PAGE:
What is Cervical Radiculopathy? The Symptoms & Treatment Options

Written by Leon Mao
Physiotherapist, University of Melbourne
Medically reviewed by Dr Gina Arena
Research Fellow, University of Western Australia
Reviewed on July 21, 2022

Woman clutching at her left upper neck with pain

Pain in the neck and shoulder can arise from a variety of different injuries or conditions. One common cause is a pinched nerve from the upper spine, also known as cervical radiculopathy.

What are the symptoms of a pinched nerve?

Usually, cervical radiculopathy - or a pinched nerve, only affects one side of the body. There will be pain on that side of the neck, which then extends to the shoulder and can even radiate down the arm.

Symptoms of cervical radiculopathy include:

What are the causes of cervical radiculopathy (pinched nerve)?

Cervical radiculopathy usually arises from degenerative changes in the neck (cervical spine) that occur over time, as we age. Other factors include injuries, such as a bulging disc or muscle spasms - or anything that may increase pressure on the nerves from the neck.[1]

1. Bulging disc

A bulging disc is when the jelly-like centre (nucleus) of the disc pushes against its outer ring (annulus). This causes an outward pressure on the disc, which then pushes into the space within the spinal cavity that then increases the likelihood of a pinched nerve.[2]

2. Degenerative changes

Degenerative disc disease is when the discs of the spine deteriorate over time, they tend to lose height as well as fluid, making them more susceptible to problems. There is an increased chance of a pinched nerve, as the discs degenerate.

Diagnosing cervical radiculopathy (pinched nerve)

Physiotherapists are experts in the diagnosis of cervical radiculopathy and neck pain. They will begin by discussing your medical history and general health. Once they have a good understanding of your history, they will move on to a physical examination - testing the movement and strength of the neck and nearby structures.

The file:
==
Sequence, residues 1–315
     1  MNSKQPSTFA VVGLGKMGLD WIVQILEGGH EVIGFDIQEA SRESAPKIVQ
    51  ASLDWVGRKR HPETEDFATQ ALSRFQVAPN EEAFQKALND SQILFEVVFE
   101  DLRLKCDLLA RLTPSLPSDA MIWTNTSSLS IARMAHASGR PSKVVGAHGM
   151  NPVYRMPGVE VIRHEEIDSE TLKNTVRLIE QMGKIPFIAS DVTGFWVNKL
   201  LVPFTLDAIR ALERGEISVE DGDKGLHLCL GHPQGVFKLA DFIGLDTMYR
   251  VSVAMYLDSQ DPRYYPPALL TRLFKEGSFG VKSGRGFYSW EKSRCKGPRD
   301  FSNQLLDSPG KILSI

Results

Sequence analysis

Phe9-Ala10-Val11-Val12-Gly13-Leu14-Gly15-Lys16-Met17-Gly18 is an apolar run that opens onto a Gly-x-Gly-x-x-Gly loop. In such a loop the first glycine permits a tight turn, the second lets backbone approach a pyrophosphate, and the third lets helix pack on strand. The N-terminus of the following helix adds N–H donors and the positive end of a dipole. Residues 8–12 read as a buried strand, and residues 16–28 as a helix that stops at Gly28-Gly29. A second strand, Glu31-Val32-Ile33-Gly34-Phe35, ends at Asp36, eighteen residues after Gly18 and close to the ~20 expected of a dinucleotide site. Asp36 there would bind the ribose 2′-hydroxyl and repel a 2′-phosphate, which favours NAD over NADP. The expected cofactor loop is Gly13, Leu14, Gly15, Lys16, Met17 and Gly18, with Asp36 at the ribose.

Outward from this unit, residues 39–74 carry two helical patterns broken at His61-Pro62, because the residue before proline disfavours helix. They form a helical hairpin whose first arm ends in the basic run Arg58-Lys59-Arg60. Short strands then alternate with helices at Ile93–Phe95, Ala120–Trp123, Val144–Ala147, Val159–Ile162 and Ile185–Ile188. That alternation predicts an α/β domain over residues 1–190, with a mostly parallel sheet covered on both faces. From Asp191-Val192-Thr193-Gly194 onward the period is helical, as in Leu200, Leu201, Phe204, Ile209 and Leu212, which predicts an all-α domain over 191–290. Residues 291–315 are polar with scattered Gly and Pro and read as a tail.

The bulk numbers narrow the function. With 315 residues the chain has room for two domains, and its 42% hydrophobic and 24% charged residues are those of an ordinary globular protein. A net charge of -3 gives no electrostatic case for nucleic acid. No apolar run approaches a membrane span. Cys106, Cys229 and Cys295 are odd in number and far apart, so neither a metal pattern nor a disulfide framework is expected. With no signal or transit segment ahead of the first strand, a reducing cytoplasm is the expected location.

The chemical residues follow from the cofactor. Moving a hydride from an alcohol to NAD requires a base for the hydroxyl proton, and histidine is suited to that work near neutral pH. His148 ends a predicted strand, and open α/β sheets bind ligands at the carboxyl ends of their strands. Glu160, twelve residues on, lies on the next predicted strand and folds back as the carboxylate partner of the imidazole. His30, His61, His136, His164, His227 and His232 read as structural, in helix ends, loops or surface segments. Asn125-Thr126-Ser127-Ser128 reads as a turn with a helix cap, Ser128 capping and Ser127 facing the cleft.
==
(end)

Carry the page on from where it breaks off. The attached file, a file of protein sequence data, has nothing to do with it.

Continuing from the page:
If the physiotherapist is still unsure of the diagnosis, you may need to have some imaging done to confirm.

Imaging tests

  • Ultrasonography is for examining bursitis and tendon changes like a tear or rupture. It shows a visualisation in standard tomographic planes and a linear transducer.

  • An X-Ray can provide a series of angles of the bones and surrounding structures of the shoulder from an anteroposterior, Y view, and a transaxillary view to see signs of degeneration on the shoulder, displacement, or fractures to the bone.

  • An MRI is more reliable in diagnosing a pinched nerve because it provides a view of the soft tissues on the neck and shoulder and even the effects of the pinched nerve, especially the weakened muscles.

  • Computed tomography (CT Scan) now plays a secondary role in evaluating the impingement syndrome and seeing the changes in the bone from a literature review.

Treatment of cervical radiculopathy

Most cases of a pinched nerve in the neck can be managed by a physiotherapist. Treatment will consist of various treatment options, to ensure a reduction in pain and improvement of movement.

Step 1: Reduction of pain

Physiotherapists can use various manual therapy techniques, such as mobilisations, massage and traction techniques to reduce pain and alleviate any symptoms.

Step 2: Improve movement

Through further manual therapy, movement can also be improved upon, however, the most important factor in increasing movement will be a tailored exercise strategy. Your physiotherapist will create a program of exercises that are unique to you and your situation.


Cervical radiculopathy may sound scary, however most cases can be managed by a physiotherapist, with a successful outcome. The most important thing to do is seek help immediately to ensure the best outcomes!

Written by Leon Mao
Physiotherapist, University of Melbourne
Published on July 21, 2022
Medically reviewed by Dr Gina Arena
Research Fellow, University of Western Australia
Reviewed on July 21, 2022
Medical reviewers
Last medically reviewed on July 21, 2022
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